Over time as coaches, my wife Megan and I (our podcast here!) have gathered lots of data that make the line from intervention to outcome a bit less blurry. The big two principles are what you’d expect from training theory: develop the aerobic system with plenty of easy running and/or cross-training, while building top-end output via strides and fast running. Those general elements are as close-to-universal as you’re going to get (and even they have exceptions). But what about workouts?
Each workout is a choice, a Choose Your Own Adventure novel that can have unpredictable outcomes. And it’s all compounded by the complexity of adaptation, which involves too many interlocking physiological variables to ever predict with certainty.
That’s why we love combination workouts.
As outlined in this 2020 article, combo workouts involve pace and/or time variation across multiple sets that introduce different stresses into a single day. Combo workouts can target a broad range of adaptation stresses given the variation in output, duration, and recovery. In our team data of pros racing on the trails and road/track to beginners just starting workouts, combos seem to have the most correlation with long-term progress in races (subject to a million confounding variables, like perhaps the athletes doing more complex workouts are more motivated, or maybe we are more willing to write extra lines in the training logs of athletes that are receptive to doing lots of mid-run math).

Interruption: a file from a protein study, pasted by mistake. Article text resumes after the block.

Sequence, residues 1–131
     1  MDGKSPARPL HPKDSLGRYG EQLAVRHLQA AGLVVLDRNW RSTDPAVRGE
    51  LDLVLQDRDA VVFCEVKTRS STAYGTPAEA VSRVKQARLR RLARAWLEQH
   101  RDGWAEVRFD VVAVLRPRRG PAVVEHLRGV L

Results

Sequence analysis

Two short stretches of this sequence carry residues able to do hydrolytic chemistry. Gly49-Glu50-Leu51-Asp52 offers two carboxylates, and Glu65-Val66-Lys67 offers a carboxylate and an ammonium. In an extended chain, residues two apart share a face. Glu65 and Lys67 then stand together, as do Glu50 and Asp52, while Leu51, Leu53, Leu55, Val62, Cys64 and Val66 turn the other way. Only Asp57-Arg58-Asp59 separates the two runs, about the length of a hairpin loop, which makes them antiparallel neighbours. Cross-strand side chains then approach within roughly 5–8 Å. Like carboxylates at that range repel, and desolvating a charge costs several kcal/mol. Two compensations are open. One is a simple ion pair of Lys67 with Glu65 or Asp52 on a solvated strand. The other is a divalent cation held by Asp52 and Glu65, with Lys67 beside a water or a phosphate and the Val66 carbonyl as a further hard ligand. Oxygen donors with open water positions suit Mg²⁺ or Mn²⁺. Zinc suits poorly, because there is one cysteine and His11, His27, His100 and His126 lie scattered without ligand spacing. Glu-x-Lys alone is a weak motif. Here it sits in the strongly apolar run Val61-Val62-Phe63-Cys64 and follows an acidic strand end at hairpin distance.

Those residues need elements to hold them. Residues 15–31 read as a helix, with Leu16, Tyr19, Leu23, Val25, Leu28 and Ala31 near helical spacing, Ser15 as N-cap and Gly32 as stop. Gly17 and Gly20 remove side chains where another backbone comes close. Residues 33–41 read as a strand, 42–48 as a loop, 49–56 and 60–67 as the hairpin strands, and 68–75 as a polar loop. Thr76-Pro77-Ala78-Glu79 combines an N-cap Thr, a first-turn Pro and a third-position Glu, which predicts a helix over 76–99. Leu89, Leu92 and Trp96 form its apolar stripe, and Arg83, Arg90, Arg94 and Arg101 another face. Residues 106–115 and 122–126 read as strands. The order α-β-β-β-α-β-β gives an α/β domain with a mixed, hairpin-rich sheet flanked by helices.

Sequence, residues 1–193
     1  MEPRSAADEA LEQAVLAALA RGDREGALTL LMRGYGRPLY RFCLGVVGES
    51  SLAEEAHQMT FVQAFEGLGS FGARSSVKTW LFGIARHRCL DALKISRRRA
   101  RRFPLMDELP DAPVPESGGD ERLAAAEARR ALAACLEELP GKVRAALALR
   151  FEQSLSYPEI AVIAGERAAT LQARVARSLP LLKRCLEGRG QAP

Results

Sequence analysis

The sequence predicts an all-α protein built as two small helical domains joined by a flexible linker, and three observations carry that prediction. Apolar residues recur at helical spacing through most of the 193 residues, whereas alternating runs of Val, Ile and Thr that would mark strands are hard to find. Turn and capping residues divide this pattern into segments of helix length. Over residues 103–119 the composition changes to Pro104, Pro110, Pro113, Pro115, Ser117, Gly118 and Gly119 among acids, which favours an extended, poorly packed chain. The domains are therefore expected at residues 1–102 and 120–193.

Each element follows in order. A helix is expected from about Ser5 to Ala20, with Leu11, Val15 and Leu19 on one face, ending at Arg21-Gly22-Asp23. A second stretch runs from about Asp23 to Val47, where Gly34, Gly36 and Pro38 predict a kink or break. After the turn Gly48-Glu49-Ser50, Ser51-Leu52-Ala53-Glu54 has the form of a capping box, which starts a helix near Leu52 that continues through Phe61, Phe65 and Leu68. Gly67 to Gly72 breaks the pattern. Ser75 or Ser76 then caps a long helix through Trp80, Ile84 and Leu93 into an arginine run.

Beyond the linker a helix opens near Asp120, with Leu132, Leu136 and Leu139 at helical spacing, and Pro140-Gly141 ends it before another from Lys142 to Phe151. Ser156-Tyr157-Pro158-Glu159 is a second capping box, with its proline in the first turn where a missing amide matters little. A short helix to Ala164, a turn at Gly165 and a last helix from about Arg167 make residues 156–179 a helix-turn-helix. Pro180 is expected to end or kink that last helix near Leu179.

The 2020 article gets into the physiological reasoning. Going a bit further, what is most intriguing to me is how the multiple types of adaptation stresses interact to spur adaptation. I think the contrast with cycling is helpful, since the bike turns athletes into power generators plugged into the aerobic system, whereas running has unique biomechanical and neuromuscular demands that make fatigue act slightly differently. Example time, mothertruckers!
Workout 1: 2 x 20 minute tempo with 5 minute easy recovery
If you have read about cycling training, you’ll know this as the workout of death. Do it (or variations of it involving tempo intervals with recovery) over and over and over until you quit the sport and take up something less painful, like having bamboo shoots stuck under your fingernails. It’s notorious because it maximizes the amount of upper-level aerobic power that most athletes can put out in a single session. Consider the sponge totally wrung out.